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Biomech Model Mechanobiol. 2012 Mar;11(3-4):449-59. doi: 10.1007/s10237-011-0324-0. Epub 2011 Jul 7.

Tenocyte contraction induces crimp formation in tendon-like tissue.

Author information

Wellcome Trust Centre for Cell-Matrix Research, Faculty of Life Sciences, Michael Smith Building, University of Manchester, Oxford Road, Manchester M13 9PT UK.
School of Chemical Engineering and Analytical Science, University of Manchester, Oxford Road, Manchester, M13 9PL, United Kingdom.
High Performance Computing, Research Computing Services, University of Manchester, Devonshire House, Oxford Road, Manchester M13 9PL UK.
Contributed equally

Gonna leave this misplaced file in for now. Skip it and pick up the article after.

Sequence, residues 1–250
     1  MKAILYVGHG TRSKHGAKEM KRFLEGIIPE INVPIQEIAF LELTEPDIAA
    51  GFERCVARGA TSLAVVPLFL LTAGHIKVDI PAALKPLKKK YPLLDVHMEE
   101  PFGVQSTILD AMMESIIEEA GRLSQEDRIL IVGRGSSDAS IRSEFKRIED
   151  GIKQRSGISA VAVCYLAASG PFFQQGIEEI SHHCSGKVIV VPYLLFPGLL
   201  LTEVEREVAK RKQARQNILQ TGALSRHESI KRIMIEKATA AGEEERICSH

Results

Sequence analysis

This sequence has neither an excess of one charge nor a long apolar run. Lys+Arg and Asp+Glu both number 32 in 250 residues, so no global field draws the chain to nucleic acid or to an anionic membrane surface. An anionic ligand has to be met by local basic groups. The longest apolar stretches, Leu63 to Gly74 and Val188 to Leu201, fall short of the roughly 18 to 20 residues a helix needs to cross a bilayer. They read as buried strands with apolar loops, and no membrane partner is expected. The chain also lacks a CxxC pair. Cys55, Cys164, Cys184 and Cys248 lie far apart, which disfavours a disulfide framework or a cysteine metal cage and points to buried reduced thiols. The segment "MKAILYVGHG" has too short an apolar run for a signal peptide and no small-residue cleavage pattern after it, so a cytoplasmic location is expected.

Tendons are composed of longitudinally aligned collagen fibrils arranged in bundles with an undulating pattern, called crimp. The crimp structure is established during embryonic development and plays a vital role in the mechanical behaviour of tendon, acting as a shock-absorber during loading. However, the mechanism of crimp formation is unknown, partly because of the difficulties of studying tendon development in vivo. Here, we used a 3D cell culture system in which embryonic tendon fibroblasts synthesise a tendon-like construct comprised of collagen fibrils arranged in parallel bundles. Investigations using polarised light microscopy, scanning electron microscopy and fluorescence microscopy showed that tendon constructs contained a regular pattern of wavy collagen fibrils. Tensile testing indicated that this superstructure was a form of embryonic crimp producing a characteristic toe region in the stress-strain curves. Furthermore, contraction of tendon fibroblasts was the critical factor in the buckling of collagen fibrils during the formation of the crimp structure. Using these biological data, a finite element model was built that mimics the contraction of the tendon fibroblasts and monitors the response of the Extracellular matrix. The results show that the contraction of the fibroblasts is a sufficient mechanical impulse to build a planar wavy pattern. Furthermore, the value of crimp wavelength was determined by the mechanical properties of the collagen fibrils and inter-fibrillar matrix. Increasing fibril stiffness combined with constant matrix stiffness led to an increase in crimp wavelength. The data suggest a novel mechanism of crimp formation, and the finite element model indicates the minimum requirements to generate a crimp structure in embryonic tendon.

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